Last night I ordered sushi and sashimi from Mi-Ne, the best of our many local Japanese restaurants. I purposely avoided ordering bluefin tuna (which is on the Monterey Bay Aquarium’s do not eat list) but I couldn’t resist a double order of big eye tuna sashimi. I just crossed my fingers and hoped it was not caught with a longline.
While we were eating our dinner, Martin and Oliver and I discussed how hard it is to be a conscientious sushi consumer who avoids fish that are on the Watch and Avoid lists. As both an active member of the Endangered Fish Alliance and a very concerned earthling who buys hundreds of pounds of seafood a day, Martin knows the fish on the endangered list by heart and follows the latest breaking news on the subject closely (in fact, he’s excited that we now have a Canadian program that is similar to Monterey’s).
When we finished eating, he went to the computer and pulled up this recent article, which reports encouraging news about the bluefin tuna crisis.
In précis, the article talks about Kindai, a farmed version of bluefin, developed at Kinki University’s aquaculture program in Japan. Although you can’t give the buyers of this tuna points for shopping locally, you certainly can thank them for finding an alternative to depleting the ocean stock of bluefin tuna.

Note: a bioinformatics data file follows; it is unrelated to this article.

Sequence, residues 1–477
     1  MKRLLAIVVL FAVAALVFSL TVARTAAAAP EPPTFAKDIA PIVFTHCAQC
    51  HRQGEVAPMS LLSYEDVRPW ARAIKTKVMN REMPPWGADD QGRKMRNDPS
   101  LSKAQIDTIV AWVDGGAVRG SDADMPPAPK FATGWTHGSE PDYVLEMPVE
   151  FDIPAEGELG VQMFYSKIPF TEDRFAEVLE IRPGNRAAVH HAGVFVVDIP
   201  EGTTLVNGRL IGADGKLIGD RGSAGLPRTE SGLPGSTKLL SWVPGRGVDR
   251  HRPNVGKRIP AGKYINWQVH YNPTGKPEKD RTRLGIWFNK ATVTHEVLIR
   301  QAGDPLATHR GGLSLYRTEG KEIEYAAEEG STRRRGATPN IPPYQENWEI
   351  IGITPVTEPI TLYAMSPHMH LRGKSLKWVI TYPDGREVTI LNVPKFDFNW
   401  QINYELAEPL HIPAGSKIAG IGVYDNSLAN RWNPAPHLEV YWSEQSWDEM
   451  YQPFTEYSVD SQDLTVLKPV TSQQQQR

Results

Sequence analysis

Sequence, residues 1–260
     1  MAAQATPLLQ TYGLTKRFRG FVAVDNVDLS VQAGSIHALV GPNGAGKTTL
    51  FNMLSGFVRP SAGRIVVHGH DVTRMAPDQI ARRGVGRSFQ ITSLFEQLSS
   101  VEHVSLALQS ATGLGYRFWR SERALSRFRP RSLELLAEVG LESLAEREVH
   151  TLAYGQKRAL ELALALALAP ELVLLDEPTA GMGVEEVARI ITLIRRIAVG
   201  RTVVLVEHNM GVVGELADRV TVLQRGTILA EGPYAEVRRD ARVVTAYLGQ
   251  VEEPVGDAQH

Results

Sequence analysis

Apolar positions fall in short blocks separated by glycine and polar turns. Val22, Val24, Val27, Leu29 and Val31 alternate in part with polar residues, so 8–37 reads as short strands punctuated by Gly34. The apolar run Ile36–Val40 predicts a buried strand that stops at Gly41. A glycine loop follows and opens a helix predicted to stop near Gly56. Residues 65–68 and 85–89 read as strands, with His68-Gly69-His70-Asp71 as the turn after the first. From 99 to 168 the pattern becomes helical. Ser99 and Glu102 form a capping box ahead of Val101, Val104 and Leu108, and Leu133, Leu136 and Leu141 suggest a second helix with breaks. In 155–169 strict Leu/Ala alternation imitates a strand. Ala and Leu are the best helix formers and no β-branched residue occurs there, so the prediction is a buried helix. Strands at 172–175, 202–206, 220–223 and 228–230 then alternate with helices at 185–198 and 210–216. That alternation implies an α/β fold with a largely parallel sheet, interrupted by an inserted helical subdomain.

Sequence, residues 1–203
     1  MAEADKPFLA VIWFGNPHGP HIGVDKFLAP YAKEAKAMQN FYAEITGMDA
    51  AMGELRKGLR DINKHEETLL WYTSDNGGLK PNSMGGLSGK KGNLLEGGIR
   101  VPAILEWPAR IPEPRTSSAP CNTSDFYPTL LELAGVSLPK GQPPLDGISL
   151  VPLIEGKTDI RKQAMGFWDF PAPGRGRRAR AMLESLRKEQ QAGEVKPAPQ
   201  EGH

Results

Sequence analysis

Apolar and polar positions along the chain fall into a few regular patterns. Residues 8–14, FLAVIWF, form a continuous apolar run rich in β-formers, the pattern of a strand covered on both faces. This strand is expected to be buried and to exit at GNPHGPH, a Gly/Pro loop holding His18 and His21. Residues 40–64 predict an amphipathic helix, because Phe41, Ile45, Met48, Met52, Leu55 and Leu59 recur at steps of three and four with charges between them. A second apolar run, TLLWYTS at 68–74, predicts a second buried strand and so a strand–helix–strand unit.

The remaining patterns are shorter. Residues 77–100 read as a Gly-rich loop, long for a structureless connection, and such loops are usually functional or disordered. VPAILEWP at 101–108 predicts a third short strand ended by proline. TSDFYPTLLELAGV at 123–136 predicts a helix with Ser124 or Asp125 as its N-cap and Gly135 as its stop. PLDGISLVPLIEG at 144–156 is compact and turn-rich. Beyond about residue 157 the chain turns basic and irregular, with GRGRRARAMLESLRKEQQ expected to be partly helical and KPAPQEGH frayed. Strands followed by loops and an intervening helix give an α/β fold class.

Next time I see bluefin tuna on a restaurant menu, I’m going to ask if it is Kindai. I know it isn’t likely that it will be, but at least I’ll be letting restaurateurs know what I want before I order something else.
I know I told you to avoid Chinese food restaurants that serve shark fin soup two weeks ago and that I shook my finger about tetra packs last week. I might seem pushy but I feel really strongly that we all need to take responsibility for changing habits that are negatively affecting the earth and the oceans. Do you agree? If not, let me know.